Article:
The Ball Flight laws explained

Once you know the laws of ball flight you’ll understand your trips to the rough.

Every golfer wants to play better golf and for most golfer’s that means understanding the fundamentals of the game. If your balls keep going in the same place, you can use the ball flight laws to help in identifying what your swing fault(s) are and to help you gain more control.

Ball Flight Data

Learning about ball flight laws can be tough. If you want to fully understand why your shots are ended up where they are, it’s important to understand the two types of data:

  • Ball launch data
  • Club head data

Do you know anything about ball Launch data? When you hit a golf ball there’s various things that can affect the flight of the ball.

  • The speed of the ball
  • The launch angle
  • Azimuth
  • Side spin on the ball
  • Back spin
  • total spin
  • Spin-tilt axis
  • Peak height
  • offline
  • Carry
  • Total distance

Simply put, golfers want to to know simple reasons to explain:

  • Why your ball goes all over the place
  • Your ball always goes in one direction
  • There’s no consistency with where your ball ends up

For golfers who struggle with any of the above problems, you really need to learn about the ball flight laws in golf which determine where your ball is ending up.

Learn to control your ball

Ask any golf coach what their student’s biggest weaknesses are, and they will tell you. “My students don’t understand why they hit bad shots”. Think about the last time you came off the golf course… Were you happy with your score? Or do you feel like you should be playing so much better?

What affects the ball when it's in-flight?

You can either start to learn all about your shots or as we call them “The Ball Flight Laws” Or you continue frustratingly hitting some good and bad shots round after round. A lot of golfers guess just what’s wrong with their game and that’s why they struggle. We make it easy for you to understand ball flight facts and that’s going to help make you a better golfer! Why? When you identify exactly what’s wrong, it’s far easier to put it right.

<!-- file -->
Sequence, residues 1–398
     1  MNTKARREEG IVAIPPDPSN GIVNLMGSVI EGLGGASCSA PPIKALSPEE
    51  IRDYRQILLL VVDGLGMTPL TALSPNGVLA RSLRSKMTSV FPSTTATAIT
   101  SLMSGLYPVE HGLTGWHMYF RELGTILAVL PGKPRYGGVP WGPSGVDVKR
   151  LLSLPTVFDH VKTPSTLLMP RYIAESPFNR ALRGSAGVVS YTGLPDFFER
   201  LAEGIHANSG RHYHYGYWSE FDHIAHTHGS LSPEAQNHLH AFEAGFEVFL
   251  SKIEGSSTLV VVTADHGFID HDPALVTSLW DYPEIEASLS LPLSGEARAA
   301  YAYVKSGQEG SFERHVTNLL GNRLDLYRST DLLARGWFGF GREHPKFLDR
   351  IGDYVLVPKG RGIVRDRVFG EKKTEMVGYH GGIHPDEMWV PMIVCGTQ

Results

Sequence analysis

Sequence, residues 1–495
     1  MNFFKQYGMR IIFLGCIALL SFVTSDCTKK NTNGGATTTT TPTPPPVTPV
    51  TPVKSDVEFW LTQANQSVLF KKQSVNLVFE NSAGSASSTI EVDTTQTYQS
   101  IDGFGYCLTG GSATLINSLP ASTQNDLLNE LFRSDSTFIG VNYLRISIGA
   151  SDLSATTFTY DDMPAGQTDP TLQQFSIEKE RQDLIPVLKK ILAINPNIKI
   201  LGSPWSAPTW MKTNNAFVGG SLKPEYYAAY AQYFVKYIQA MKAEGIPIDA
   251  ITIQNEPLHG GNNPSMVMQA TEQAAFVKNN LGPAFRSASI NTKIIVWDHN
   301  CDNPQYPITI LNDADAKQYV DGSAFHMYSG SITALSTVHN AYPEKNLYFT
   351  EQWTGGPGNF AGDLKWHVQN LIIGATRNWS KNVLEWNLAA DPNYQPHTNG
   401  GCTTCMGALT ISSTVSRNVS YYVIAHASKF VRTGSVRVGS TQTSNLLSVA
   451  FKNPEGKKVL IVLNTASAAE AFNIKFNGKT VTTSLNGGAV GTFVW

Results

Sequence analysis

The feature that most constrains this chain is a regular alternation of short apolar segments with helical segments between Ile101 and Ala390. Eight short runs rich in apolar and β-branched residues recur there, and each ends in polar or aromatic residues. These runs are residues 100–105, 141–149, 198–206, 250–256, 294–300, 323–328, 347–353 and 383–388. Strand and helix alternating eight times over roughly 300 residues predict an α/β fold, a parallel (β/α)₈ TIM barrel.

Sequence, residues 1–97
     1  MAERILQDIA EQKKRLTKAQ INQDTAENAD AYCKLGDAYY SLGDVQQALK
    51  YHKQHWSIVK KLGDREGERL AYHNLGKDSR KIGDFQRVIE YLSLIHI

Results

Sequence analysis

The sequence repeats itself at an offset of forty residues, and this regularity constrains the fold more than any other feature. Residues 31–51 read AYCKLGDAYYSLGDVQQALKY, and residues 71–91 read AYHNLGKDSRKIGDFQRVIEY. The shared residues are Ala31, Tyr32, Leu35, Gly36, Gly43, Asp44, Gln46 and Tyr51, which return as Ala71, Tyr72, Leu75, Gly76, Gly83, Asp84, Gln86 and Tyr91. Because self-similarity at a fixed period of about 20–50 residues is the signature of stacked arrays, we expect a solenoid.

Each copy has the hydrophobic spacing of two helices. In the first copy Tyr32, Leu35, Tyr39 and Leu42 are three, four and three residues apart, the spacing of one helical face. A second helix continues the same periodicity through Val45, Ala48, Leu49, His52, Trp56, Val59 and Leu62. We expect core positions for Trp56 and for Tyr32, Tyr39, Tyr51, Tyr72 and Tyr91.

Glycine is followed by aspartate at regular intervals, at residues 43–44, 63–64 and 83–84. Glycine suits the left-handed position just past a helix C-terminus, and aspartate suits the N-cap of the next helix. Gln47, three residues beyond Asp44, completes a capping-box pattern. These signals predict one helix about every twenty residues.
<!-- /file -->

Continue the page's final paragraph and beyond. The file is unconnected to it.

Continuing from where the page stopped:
How do I hit the ball further? How do I hit the ball straighter? We all want to know the answers to these two questions. But not everyone is prepared to learn what happens at impact when you’re hitting the ball and what’s effecting the ball flight.

And if you think about playing a few rounds of golf, how would you like to reduce your mis hits or bad shots?

The easy answers are, you hit the ball well with great fundamentals and impact positions, so by following our simple process we show you how to build those positions into your game.

There are five laws that influence the flight of a golf ball. These laws are absolutes. They are the physical forces that combine when hitting a golf ball and dictate how it reacts in flight. Understanding these laws helps to explain the answers to the key questions of distance and direction. These laws shouldn’t be confused with the golf swing itself, which are subject to principles.

There are many more golf swing principles than there are laws. Whereas principles vary from teacher to teacher and are changeable over time, laws are fixed, absolute and measurable. So, lets imagine the golf swing is like a business … the backswing is the costs of the business, the through swing is the sales and impact (the most important part) is the profit or bottom line.

The ball in flight

When the ball is in the air, it’s got hidden forces that are affecting how the ball flies.

  • Drag (the drag slows the golf ball down in flight)
  • Weight (the forces of gravity on the golf ball)
  • Lift (what the launch angle is on your shots)

The 5 Laws of Ball Flight

The Speed Of The Ball

The velocity with which the club head is travelling at the moment of impact. Speed influences the distance you can propel the ball. Slower speeds produce less distance and higher speeds produce more distance. A lot of people who want to have a fast swing but who just focus on speed alone will struggle. People who have imperfections in their swing to send the ball massively to the left or right.